• Reliable:
    • Where: Location
    • When: Timing

Quantity and Quality are two aspects of design/system thinking that are continually overlooked by academics and specialists, but not business people.

Interestingly enough this perspective is not new.  Clayton M. Christensen in his book The Innovator’s Dilemma discusses a four part model that fits nicely with this:

  1. Availability
  2. Compatibility
  3. Reliability
  4. Cost

I consider, Clayton’s the most empirical ordering.  Consequently, I would like to mesh Tim’s, Clayton’s and my perspective into the following:

  1. Feasibility: Technology
    1. How
    2. What
  2. Compatibility: Personality
    1. Why
    2. Who
  3. Availability: Market
    1. Where
    2. When
  4. Viability:  Business
    1. How Much
    2. How Many

Now, looking at this I am reminded of Malcolm Gladwell’s book, Tipping Point, and it adds the following character to the model:

  1. Feasability: Mavin
    1. How: Processes
    2. What: Materials
  2. Compatibility: Connector
    1. Why: Goals
    2. Who: People
  3. Availability: Salesman
    1. Where: Locations
    2. When: Schedules
  4. Viability: Customer
    1. How Much: Costs
    2. How Many: Units

Universe: A Multi-Dimensional Medium

Let’s do a thought experiment.  I want to take design thinking and abstract it to a system.


Imagine that there are no solids, liquids, gases or plasmas or particles.  That the Universe is a fluid medium swirling between equilibrium and non-equilibrium in multiple dimensions.  What we perceive to be solid, liquid, gas or plasma are not states, but intersections of dimensions that describe interdimensional vortices.  Energy is the intensity of a vortice.  Mass is a vortice of a set of dimensions.  Light is a vortice of a set of dimensions.  All of the particles are vortices of sets of dimensions.  Each influence the other based upon which dimensions they are composed of.

R. Buckminster Fuller clearly states in his work that we should perceive the systems as finite four dimensional spheres.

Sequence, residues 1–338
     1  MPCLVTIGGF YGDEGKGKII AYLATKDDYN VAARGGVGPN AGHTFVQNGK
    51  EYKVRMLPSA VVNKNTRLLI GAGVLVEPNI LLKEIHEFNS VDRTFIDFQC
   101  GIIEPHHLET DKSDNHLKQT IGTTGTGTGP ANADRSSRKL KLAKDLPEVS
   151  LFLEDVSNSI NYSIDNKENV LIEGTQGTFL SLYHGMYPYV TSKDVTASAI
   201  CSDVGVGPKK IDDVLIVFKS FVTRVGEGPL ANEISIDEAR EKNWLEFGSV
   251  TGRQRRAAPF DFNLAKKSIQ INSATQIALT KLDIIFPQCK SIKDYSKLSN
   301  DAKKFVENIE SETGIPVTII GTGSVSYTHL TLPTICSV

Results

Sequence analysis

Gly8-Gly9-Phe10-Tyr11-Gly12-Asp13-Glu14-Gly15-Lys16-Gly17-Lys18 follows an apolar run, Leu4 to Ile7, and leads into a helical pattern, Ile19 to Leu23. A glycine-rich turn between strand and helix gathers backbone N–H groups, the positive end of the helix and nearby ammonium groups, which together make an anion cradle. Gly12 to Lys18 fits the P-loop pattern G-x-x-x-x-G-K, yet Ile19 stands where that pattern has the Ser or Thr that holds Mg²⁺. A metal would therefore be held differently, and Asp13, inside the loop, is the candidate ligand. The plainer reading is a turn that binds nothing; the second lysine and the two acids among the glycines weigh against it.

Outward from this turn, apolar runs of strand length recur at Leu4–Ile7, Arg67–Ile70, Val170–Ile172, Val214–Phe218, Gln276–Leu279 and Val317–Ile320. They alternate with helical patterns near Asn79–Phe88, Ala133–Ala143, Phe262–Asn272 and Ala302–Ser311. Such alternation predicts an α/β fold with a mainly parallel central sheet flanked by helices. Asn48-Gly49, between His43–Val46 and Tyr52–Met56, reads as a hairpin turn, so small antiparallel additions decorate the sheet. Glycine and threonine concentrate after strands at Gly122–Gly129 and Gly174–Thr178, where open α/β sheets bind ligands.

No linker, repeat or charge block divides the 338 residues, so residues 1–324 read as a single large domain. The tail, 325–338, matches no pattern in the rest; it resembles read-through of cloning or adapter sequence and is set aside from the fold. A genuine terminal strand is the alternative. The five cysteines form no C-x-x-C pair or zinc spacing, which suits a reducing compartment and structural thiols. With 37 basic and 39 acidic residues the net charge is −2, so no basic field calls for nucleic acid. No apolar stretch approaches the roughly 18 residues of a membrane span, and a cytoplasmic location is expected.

There are only four fundamental states:  vortice verge, vortice converge, vortice emerge, vortice diverge.


Everything we perceive are combinations of these vortice states.  The states are +/- vortice yaw, +/- vortice pitch, +/- vortice roll.

If any vortice is spiraling toward you it is positive, if any vortice is spiraling away from you it is negative.  By definition, no vortice can be stationary with respect to you.

There are only eight fundamental vortices: How, What, Why, Who, When, Where, How Much, How Many.

This gives us the following eight vortice, four state table:


Take the time to look at the terms defining each of the white cells in the table.  Each row is the addition of a dimensional vortice.  For example: Each additional “when” vortice is another separate clock.  Each additional “where” vortice is another separate radius.  All of them are factors in a system or a design.

And even this representation is inaccurate.  If we consider fractal geometry and chaos theory, there are no points, no straight lines, no arcs, no planes, no circles, no polygons, no polyhedrons, no spheres, only vortices that are above, within or below our range of perception.  Space cannot be filled with any geometric shape.  Everything is composed of vortices–spirals.

We have to abandon the flat world, flat space models we currently cling to.  The world and the universe are not infinite planes.  The world is a finite island of non-equilibrium in a predominantly equilibrium universe.

And that is it, the Czerepak (Chair-eh-pak) Framework.

Copyright (c) 2008 Grant Czerepak.  All rights reserved.


Systema: Operation, Tactic, Strategy